A human-centered design approach to evaluating factors in residential solar PV adoption: A survey of homeowners in California and Massachusetts
Author(s)Bao, Qifang; Sinitskaya, Ekaterina; Gomez, Kelley J.; MacDonald, Erin F.; Yang, Maria C.
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The adoption rate of residential solar photovoltaic (PV) systems in the US has grown exponentially in the past two decades. However, from a human-centered design perspective, there is a lack of clear understanding of what current users need and want from solar PV systems and from the experience of installing solar. In this study, we interviewed 18 solar stakeholders and conducted surveys of 1,773 homeowners including both solar adopters and non-adopters in California and Massachusetts. We analyzed the data using discrete choice theory and showed that cost savings, solar system reliability, installer warranty, and reviewer ratings of the installer were the most important factors when these homeowners considered purchasing a solar system. Preference differences were discovered between adopters and non-adopters, and with state, age, and income. Via surveys of current solar adopters’ experiences of installing residential solar panels, we found that solar owners ranked installer reliability as even more important than price. The findings are intended to inform designers, engineers, and manufacturers as they create more compelling residential solar PV systems and to inform installers in designing better installation services. The ultimate goal is to promote renewable energy technology and reduce global greenhouse gas emissions.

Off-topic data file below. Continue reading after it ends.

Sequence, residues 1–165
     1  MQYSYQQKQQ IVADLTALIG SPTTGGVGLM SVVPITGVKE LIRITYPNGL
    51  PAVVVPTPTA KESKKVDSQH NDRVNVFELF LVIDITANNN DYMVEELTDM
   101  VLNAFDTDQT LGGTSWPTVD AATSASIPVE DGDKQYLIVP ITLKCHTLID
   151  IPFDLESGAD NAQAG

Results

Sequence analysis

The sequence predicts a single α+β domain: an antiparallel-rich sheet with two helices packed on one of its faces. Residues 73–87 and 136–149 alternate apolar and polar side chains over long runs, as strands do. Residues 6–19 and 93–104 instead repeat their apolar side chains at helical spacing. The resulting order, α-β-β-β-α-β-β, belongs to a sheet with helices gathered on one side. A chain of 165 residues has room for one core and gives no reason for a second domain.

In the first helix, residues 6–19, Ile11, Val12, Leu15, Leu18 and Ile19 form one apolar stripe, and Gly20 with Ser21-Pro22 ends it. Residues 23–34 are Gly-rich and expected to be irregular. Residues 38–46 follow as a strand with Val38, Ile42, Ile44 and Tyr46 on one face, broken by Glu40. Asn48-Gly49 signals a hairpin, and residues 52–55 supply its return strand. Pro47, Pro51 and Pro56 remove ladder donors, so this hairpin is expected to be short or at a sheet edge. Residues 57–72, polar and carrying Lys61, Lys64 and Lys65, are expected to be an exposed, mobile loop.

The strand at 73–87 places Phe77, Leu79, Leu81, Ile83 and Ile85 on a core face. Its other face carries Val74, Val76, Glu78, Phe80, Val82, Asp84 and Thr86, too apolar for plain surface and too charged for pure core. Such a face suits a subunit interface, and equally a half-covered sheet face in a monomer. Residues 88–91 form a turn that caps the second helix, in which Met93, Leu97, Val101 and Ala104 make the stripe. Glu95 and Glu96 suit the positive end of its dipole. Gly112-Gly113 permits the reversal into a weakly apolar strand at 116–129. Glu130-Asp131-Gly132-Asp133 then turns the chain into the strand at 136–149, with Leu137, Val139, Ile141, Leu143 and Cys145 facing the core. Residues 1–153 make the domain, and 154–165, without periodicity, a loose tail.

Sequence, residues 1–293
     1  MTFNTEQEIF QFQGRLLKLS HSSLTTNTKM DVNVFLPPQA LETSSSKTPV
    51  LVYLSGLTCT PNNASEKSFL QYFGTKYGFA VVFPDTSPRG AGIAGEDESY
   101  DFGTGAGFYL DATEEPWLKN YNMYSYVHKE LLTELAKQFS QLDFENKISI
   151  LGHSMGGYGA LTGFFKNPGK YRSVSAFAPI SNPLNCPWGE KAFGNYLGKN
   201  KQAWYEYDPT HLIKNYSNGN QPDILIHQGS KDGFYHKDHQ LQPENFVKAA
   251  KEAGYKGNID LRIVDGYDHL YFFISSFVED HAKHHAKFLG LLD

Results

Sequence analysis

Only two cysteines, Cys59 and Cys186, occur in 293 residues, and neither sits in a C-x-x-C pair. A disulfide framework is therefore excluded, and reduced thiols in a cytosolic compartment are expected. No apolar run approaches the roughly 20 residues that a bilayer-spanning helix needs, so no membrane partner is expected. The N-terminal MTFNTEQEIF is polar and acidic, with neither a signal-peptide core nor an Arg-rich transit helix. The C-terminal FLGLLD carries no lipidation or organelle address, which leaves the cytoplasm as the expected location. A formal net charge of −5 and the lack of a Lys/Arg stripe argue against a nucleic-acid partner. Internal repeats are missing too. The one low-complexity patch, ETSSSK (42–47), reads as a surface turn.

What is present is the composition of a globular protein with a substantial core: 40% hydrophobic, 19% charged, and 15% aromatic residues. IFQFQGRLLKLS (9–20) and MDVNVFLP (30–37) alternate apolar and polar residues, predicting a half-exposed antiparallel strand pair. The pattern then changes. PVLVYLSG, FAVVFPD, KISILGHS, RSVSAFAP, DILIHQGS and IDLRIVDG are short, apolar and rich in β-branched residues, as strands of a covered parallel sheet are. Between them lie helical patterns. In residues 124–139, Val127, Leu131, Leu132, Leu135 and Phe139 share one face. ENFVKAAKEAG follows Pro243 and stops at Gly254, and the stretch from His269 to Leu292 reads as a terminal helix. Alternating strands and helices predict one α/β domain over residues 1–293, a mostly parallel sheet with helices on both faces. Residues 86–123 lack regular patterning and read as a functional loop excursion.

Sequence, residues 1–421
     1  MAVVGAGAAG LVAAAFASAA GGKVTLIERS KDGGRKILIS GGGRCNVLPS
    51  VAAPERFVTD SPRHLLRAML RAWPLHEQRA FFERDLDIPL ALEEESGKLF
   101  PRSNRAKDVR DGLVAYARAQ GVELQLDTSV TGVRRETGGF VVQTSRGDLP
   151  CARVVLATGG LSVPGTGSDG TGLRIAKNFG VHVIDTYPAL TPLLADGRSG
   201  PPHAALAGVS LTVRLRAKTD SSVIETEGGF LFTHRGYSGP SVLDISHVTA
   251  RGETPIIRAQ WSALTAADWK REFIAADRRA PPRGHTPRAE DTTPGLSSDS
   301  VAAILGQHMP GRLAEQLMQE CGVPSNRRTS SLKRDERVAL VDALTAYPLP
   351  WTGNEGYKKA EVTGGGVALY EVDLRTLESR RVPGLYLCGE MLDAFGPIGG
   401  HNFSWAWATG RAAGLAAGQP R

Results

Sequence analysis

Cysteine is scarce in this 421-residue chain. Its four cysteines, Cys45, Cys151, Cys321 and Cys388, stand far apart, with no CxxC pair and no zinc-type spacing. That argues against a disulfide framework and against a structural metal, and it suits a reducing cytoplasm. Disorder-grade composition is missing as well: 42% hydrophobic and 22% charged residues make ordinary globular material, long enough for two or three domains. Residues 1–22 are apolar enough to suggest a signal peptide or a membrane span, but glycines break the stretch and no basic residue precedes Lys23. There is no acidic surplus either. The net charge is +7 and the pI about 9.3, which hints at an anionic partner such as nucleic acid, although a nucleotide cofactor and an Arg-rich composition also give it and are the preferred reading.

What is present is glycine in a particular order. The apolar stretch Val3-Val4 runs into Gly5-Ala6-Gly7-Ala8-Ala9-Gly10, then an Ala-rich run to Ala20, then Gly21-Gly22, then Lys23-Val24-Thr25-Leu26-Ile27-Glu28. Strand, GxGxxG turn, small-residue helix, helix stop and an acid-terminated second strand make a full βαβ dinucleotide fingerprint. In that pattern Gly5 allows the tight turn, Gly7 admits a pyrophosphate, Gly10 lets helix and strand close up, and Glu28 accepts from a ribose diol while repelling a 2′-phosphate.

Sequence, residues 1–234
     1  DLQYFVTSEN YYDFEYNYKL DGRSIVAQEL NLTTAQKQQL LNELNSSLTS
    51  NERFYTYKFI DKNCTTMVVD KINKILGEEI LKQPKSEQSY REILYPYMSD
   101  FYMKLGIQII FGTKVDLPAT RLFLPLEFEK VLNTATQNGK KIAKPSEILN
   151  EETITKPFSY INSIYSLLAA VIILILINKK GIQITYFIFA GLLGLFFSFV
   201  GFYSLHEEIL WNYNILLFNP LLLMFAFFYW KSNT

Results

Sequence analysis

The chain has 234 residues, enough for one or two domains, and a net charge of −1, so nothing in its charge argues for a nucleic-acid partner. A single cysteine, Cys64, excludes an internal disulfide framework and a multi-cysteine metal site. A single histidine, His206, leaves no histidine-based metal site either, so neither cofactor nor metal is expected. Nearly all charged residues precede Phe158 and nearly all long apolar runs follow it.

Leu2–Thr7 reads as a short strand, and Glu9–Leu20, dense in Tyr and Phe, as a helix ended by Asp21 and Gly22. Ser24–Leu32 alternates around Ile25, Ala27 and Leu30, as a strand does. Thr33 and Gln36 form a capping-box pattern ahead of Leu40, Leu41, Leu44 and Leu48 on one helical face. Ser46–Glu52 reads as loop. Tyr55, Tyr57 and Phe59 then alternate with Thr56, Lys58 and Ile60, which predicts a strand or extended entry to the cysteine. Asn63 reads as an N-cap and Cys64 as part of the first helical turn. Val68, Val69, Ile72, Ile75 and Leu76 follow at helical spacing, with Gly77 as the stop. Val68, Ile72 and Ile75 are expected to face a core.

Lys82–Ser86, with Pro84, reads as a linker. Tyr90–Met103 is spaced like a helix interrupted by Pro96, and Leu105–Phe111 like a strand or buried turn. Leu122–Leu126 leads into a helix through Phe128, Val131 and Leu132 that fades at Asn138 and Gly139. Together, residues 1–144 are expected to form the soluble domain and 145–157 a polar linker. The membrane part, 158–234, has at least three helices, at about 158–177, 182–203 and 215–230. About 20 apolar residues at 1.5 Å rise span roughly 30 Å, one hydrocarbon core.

DepartmentMassachusetts Institute of Technology. Department of Mechanical Engineering
Bao, Qifang et al. "A human-centered design approach to evaluating factors in residential solar PV adoption: A survey of homeowners in California and Massachusetts." Renewable Energy 151 (May 2020): 503-513. © 2019 Elsevier Ltd
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